VMware Acquiring Carbon Black to Boost Security PortfolioVirtualization and Cloud Giant Also Buying Pivotal
VMware is acquiring cloud security firm Carbon Black in a $2.1 billion cash deal to bolster the virtualization giant's security portfolio, especially around endpoint and application protection, the two companies announced Thursday.
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When the deal is finalized in January, Carbon Black will become the security unit of VMware, says Carbon Black CEO Patrick Morley.
"VMware has more than 500,000 customers and more than 70 million virtual machines around the world," Morley says. "The opportunity here for Carbon Black to truly disrupt the security industry - and ultimately help more customers stay safe from cyberattacks - has never been bigger."
On Thursday, VMware also announced a deal to acquire Pivotal, a company that focuses on helping its customers build applications in the cloud as well as through new technologies such as containers. The acquisition values Pivotal at about $2.7 billion, according to the announcement.
Carbon Black's Journey
The company that became Carbon Black was founded in 2002 as Bit9. In February 2014, Bit9 merged with the startup firm Carbon Black and adopted its name. The company had its initial public offering in 2018, with a market value of about $1.25 billion at that time. The company's market value on Thursday stood at $1.8 billion.
Carbon Black's stock price ended the day Thursday at $24.50 per share, and VMware plans to pay $26 per share in the deal.
Carbon Black says it currently has about 5,600 enterprise customers.
Impact of Deals
For VMware, which has been focusing more and more on hybrid and multicloud architectures, the two acquisitions create a way for the company to not only deliver the infrastructure its customers need for their digital transformation initiatives, but also new ways to build and update applications and then to secure those apps once they are deployed, CEO Pat Gelsinger says.
"As digital transformation accelerates in enterprises, we see three secular trends becoming stronger: First, multicloud is the new model for enterprise IT; second, digital transformation is driving accelerated pace of cloud native app development," Gelsinger said Thursday during the company's second-quarter earnings call when both acquisitions were announced. "Last, but not least, as businesses move applications to the cloud and access it over distributed networks and from a diversity of endpoints, security has become a significant challenge and priority."
Through its acquisition of Carbon Black, VMware will significantly boost its security portfolio by providing customers tools such as advanced threat detection and in-depth application behavior insight that can prevent sophisticated attacks, especially those that target modern applications, as well as accelerate the response time for when attacks do happen, Gelsinger says.
VMware's acquisition of Carbon Black is further evidence that the cybersecurity industry is under a period of consolidation, especially as businesses invest more in security and older, more establish players look for ways to diversify their revenue streams, says Jeff Pollard, a principal analyst focused on IT security at Forrester Research.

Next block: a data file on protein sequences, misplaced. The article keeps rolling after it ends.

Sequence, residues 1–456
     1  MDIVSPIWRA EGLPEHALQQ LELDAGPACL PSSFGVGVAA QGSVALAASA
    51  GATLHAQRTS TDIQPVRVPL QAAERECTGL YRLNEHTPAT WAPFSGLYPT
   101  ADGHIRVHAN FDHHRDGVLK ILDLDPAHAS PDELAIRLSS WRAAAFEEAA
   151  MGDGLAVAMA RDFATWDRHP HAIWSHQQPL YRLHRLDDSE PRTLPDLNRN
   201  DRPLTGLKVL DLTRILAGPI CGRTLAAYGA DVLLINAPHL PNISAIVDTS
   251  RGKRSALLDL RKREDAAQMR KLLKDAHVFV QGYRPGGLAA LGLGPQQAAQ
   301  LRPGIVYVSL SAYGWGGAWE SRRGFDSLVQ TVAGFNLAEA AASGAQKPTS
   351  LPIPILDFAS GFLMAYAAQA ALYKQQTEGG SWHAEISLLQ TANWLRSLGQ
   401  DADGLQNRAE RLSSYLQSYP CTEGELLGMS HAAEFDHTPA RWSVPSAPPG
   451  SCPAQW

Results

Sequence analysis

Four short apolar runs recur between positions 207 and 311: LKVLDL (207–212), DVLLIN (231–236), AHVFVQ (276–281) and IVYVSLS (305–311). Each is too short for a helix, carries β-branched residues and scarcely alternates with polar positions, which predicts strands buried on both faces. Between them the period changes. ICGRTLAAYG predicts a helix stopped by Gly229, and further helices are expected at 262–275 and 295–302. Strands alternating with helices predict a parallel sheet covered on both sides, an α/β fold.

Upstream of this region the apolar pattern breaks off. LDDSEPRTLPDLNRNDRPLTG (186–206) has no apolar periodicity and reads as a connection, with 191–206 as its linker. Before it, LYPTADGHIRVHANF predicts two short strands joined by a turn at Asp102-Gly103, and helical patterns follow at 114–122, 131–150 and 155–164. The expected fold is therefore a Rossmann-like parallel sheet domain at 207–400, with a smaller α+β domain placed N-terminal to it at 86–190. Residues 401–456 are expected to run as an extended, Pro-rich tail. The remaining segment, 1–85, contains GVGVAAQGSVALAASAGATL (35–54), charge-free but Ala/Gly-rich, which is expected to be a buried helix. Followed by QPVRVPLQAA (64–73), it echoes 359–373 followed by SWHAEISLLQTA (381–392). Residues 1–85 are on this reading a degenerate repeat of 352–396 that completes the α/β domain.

"It's not surprising to see consolidation in the cybersecurity market, especially in the endpoint space, which is still quite crowded," Pollard tells Information Security Media Group. "Enterprise software companies are turning to cybersecurity companies for the promising growth rates in the industry, and to build out a more diverse portfolio that appeals to the various stakeholders involved in cybersecurity - IT, security and developers."
Earlier this week, security firm Splunk announced it would pay a little over $1 billion for SignalFx, which provides real-time cloud monitoring capabilities to customers and can help IT and security teams detect anomalies in network traffic.
In the months before the latest announcements, private equity firm Insight Partners announced its own deal for Recorded Future, and Palo Alto Networks and FireEye boosted their own offerings (see: Sale of Recorded Future a Highlight of Big InfoSec M&A Week).
Gelsinger told analysts Thursday that the security market has become too fragmented with too many offerings. VMware will use Carbon Black's technology to offer customers a way to secure all their endpoints, from physical devices to app living in the cloud, he added.
"As I have said before, the current cybersecurity industry is simply broken and ineffective with a plethora of fragmented tools, bloatware agents and no cohesive platform architecture," Gelsinger said. "But today we are taking a huge step forward in security by bringing Carbon Black into the VMware family to deliver an enterprise grade platform to protect workloads, applications, and networks, from device to cloud."
In his presentation, Gelsinger offered a brief roadmap of how Carbon Black's offerings will eventually fit into some of the products that VMware offers.
For instance, VMware plans to integrate some of Carbon Black's technology into the company's software-defined network offering called VMwareNSX.
"We've also been organically building the NSX security capabilities with our micro-segmentation for several years, and we're going to be embedded Carbon Black technology into that," Gelsinger told analysts.
VMWare also has plans to integrate technologies from both companies into VMware Secure State, a cloud configuration, security and compliance platform that VMware released in August 2018. Other integrations and offerings are also in the works, Gelsinger said.
With its acquisition of Pivotal, VMware plans to delve further into the cloud, including application development and containers. Pivotal recently went all-in on Kubernetes, the container orchestration and management platform backed by Google.
(Managing Editor Scott Ferguson contributed to this report.)